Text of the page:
green farmers

The Winds Of Change Propel Clean Energy

It was in the 1980s when I first became interested in renewable energy. I was just entering my 30s and working in the newsroom of the Palm Springs Desert Sun, a daily newspaper serving the desert communities east of Riverside.

Palm Springs is a gateway to the San Gorgonio Pass, one of the windiest spots in California. I covered the attorneys in the county courthouse and the emerging wind industry (the hot air beat), which was taking advantage of the seemingly unrelenting breezes and tax breaks to grow the renewable-energy industry.

I was fascinated by the turbines beginning to pop up on the hilltops. I still get excited when they appear as backdrops in a movie or television show. (Did you see them on the first episode of last season's Amazing Race?) The whap-whap of the turbine blades was an interesting scenic diversion, even though they, in the 1980s, seemed to me like little more than a novelty.

Fast forward more than two decades, and wind energy is serious business. Today, windmills could power 829,000 households - nearly double since 2002- and projections call for wind to provide 5% of the state's electricity by 2013, according to calWEA, a nonprofit in California supported by the wind industry.

Much of that power comes from the Altamont Pass outside Tracy, the area near Palm Springs and the Tehachapi Wind Farm, just off the southern tip of the San Joaquin Valley, which has been my home for almost 25 years. I live near Fresno, which doesn't have many wind turbines but is I'm-burning-the-hair-off-my-head hot during the summer. Thus, solar energy is gaining a larger profile, as evidenced by dozens of projects proposed between Stockton and the base of the Grapevine.

Agriculture operations are among the expanding users of solar energy in the Valley. Check out the latest from a pistachio processor in Tulare County, who just hooked up to the sun to help run his business. California led the nation in 2009 with almost 2,000 growers and ranchers generating electricity from renewable power, according to this report.

Sure, wind and solar remain bit players in the overall energy arena, but they are clearly gaining stature. I can almost hear the renewables movement picking up speed as large and small businesses take up the mantle of clean energy.

Companies such as Whole Foods, Intel and Kohl's are among the world's largest purchasers of renewable energy, according to this new study. In fact, Intel and Whole Foods buy all of their energy from renewable sources (Whole Foods uses only wind energy).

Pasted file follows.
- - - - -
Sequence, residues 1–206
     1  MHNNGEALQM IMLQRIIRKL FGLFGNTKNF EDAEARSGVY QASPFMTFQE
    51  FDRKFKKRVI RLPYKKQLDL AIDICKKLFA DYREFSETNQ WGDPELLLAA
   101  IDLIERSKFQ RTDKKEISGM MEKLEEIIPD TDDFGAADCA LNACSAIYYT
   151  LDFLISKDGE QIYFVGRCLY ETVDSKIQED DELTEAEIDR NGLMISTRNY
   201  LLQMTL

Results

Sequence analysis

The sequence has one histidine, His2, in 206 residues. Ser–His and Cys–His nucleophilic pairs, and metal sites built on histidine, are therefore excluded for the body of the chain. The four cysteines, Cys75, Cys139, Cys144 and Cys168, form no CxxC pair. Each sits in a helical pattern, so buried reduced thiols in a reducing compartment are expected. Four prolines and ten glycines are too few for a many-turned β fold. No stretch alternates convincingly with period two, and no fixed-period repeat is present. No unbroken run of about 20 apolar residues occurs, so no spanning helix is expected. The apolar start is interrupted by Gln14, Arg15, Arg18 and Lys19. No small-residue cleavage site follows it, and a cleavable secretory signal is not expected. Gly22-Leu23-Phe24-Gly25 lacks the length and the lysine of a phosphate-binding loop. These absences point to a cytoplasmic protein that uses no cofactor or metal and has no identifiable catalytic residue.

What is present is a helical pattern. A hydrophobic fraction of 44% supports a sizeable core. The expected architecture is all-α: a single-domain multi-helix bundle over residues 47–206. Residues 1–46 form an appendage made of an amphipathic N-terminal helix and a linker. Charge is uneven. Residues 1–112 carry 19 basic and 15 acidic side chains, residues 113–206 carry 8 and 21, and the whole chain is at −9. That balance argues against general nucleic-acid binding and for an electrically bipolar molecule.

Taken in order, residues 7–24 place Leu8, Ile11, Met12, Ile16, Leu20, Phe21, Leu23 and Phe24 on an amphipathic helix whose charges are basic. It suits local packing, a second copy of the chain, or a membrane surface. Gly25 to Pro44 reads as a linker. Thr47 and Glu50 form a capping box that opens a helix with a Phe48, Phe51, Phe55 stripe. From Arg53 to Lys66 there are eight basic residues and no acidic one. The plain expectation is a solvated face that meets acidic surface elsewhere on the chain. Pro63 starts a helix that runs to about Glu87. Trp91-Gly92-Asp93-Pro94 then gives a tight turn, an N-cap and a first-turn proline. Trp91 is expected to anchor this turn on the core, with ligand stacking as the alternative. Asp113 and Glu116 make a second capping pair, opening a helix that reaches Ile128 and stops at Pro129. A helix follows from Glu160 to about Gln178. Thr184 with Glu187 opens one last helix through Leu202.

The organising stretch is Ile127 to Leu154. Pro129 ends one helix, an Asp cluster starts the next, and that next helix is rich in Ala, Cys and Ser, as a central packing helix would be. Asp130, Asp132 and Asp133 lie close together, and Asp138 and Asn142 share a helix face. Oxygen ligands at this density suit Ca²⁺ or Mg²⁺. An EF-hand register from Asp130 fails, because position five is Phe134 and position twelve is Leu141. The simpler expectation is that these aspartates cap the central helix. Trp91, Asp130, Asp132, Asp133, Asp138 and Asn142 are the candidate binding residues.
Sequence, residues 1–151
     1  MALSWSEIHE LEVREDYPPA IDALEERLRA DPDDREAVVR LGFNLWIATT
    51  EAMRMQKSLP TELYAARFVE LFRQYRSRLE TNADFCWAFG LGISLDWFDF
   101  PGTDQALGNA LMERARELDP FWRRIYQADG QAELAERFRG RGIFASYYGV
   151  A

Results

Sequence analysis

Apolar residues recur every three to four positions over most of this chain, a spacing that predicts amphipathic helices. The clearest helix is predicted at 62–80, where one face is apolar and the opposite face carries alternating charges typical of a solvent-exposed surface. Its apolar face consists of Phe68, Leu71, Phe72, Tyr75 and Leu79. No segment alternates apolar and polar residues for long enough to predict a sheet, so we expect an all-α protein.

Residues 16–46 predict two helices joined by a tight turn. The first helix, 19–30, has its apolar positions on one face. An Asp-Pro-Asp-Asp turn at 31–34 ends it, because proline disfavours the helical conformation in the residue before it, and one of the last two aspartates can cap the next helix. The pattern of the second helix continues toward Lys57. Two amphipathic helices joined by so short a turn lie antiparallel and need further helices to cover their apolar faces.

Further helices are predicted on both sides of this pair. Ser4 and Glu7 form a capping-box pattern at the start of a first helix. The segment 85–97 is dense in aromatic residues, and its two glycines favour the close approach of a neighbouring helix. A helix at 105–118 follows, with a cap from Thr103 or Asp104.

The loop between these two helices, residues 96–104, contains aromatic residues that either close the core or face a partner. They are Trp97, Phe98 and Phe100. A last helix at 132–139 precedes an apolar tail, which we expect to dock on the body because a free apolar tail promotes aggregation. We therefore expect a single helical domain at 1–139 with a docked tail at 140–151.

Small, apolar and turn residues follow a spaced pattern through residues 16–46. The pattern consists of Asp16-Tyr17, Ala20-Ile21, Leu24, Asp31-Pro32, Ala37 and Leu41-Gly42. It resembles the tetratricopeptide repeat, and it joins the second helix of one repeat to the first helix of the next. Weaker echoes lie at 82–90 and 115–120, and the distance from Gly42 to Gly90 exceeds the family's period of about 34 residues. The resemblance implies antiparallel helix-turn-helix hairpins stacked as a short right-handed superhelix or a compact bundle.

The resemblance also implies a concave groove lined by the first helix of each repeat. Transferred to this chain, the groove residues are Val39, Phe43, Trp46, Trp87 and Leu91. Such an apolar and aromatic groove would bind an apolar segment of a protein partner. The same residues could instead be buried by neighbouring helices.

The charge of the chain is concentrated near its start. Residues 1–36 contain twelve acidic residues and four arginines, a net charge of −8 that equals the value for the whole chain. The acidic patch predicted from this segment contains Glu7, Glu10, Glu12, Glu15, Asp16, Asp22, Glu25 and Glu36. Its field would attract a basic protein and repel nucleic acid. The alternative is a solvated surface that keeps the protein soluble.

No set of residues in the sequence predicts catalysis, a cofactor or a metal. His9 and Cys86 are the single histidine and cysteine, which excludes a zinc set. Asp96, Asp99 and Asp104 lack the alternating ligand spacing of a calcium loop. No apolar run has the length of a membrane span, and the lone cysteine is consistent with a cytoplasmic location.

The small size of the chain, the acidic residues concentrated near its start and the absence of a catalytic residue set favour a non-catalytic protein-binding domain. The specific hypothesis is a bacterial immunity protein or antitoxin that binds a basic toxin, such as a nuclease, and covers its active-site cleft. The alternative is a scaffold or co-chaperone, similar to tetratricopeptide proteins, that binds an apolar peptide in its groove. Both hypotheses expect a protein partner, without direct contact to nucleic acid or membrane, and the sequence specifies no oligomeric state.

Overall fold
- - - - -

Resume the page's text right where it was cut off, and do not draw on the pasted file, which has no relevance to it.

Clearly, those two companies, and the others on the list, are sending a signal: Going green is good socially and economically. I'm sure they wouldn't be doing it if it didn't generate green to the bottom line as well. Check out this report from a pilot program in Wisconsin.

Big Business and the military, which has declared its dependence on fossil fuel a national security issue, are leading the clean energy (which includes efficiency) charge, and helping fuel some economic growth. This story out of Milwaukee notes that the military's solar program was responsible for a manufacturer adding a second shift.

This all comes despite legislators who want to slash programs. I can't help but think we are on the ground floor of a green revolution.

Solar and Water: A Powerful Combination

Many people equate solar power with rooftops, and that's true. More property owners - commercial and residential - are installing solar panels on their roofs to cut power bills and carbon footprint. Check out what Toys 'R' Us is doing in New Jersey, and what officials in Los Angeles want to do.

But solar energy is popping up all over the place. In backpacks. With the military in Afghanistan. On parking structures and as window coverings. And, increasingly, on or around water.

Solar is appearing at wastewater treatment plants, vineyard irrigation ponds and in settling ponds at gravel mines. There is even the possibility of solar panels on oceans. This New York Times piece, which I read in the San Jose Mercury-News, features wineries in Northern California that moored solar panels in ponds to help produce power.

Vineyard real estate is pricey, and this is a way to conserve precious land. Larry Maguire, chief executive of Far Niente Winery, put it this way in the story: "Vineyard land in this part of the Napa Valley runs somewhere between $200,000 and $300,000 per acre. . . We wanted to go solar, but we didn't want to pull out any vines."

Solar-energy systems also are gaining a stronger following here in the San Joaquin Valley, where power bills run high in the summer, and agriculture-related companies use lots of power and water.

The cities of Tulare and Madera use solar at their wastewater plants, which helps reduce energy costs. Learn more about those projects here and here. This Sign on San Diego story has more on how solar works at such plants.

The San Joaquin Valley has some of the most resourceful and efficient farmers in the World. Look for more water-related solar projects; it is a powerful combination.